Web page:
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Pipeline vandalism and the military option

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Undoubtedly, a more rewarding and sustainable path is for government at all levels, in collaboration with the oil and gas companies who are physically closer to the communities to fashion and implement wider reaching policies capable of being felt by the commonest of the community inhabitants, regardless of status.

Rewarding vocal or violent community members with contracts and other such incentives will only fertilise the mentality that violence and crime are more rewarding than peace. Government can adopt a strategy of rewarding communities that refrained from using violence in communicating to the authorities.

Meanwhile, grievances expressed via non-violent means must be attended to. Most times, these grievances are not necessarily monetarily induced. As a matter of fact, building community relations on a non-financial base would offer a more concrete pedestal for a more meaningful relationship.

In planning projects for community development, there must be a change of approach from throwing money at the community and abandoning them to embark on whatever project they like. Such approach ensures that the monies will almost always find their ways into private pockets. Any meaningful approach to community development must be designed to deliver an increased quality of life to the local communities. Training, follow-up, long term planning and capacity building for local authorities will empower the communities to take greater responsibility for their own lives and decrease the failure rate of community assistance projects.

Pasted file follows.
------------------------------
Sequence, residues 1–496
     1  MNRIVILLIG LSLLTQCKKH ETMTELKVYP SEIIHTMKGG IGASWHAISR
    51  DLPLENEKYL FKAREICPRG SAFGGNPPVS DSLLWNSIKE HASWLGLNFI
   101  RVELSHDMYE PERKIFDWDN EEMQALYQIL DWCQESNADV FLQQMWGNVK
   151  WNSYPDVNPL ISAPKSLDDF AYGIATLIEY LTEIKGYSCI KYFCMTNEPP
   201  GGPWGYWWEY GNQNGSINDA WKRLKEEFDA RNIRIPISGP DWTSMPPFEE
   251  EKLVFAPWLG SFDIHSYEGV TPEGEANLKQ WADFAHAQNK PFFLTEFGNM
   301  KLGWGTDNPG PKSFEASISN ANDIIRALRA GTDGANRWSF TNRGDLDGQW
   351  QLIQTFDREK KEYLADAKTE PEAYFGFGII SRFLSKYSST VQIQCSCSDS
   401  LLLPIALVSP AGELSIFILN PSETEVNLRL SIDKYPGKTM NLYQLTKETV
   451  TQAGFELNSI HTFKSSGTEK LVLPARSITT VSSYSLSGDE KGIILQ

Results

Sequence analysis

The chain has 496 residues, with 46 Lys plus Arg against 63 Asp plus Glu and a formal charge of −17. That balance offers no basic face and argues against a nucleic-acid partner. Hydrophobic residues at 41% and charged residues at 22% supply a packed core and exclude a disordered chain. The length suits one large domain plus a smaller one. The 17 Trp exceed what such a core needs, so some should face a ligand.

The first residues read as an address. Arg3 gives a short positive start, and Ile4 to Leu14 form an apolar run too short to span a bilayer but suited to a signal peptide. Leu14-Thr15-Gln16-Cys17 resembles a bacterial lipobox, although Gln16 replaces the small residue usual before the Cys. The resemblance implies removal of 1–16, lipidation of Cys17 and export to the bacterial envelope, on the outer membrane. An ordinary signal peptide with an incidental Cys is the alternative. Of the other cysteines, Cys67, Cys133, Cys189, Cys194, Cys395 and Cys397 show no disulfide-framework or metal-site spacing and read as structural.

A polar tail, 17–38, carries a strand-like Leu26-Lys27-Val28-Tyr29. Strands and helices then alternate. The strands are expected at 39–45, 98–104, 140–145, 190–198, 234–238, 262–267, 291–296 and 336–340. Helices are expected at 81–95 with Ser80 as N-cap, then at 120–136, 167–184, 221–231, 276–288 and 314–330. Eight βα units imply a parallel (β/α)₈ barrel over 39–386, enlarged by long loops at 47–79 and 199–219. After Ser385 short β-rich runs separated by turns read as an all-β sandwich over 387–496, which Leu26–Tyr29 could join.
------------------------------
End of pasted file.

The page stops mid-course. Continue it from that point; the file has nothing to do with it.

Instead of giving more consideration to the military option, the Federal Government needs to reflect on why, despite years of military presence and the use of force, the problems of pipeline vandalism, oil theft, and illegal refineries and so on still persist? It is high time we deviated from the use of force and channel such resources to community engagement, inclusion and partnership. Giving them a sense of belonging and participation as important stakeholders within their respective communities is a key to lasting solution to the problems before us.

And who is in a better position to do this than the oil companies the people live, work and eat with everyday of their lives? All the government needs to do is to provide the right policy framework to encourage such companies. Whatever necessary concession on the part of the government will certainly be more rewarding than any spending on display and possible use of force and the inevitable casualties.
Concluded.
Onunwa, based in Lagos, can be reached through:michaelonunwa@yahoo.com



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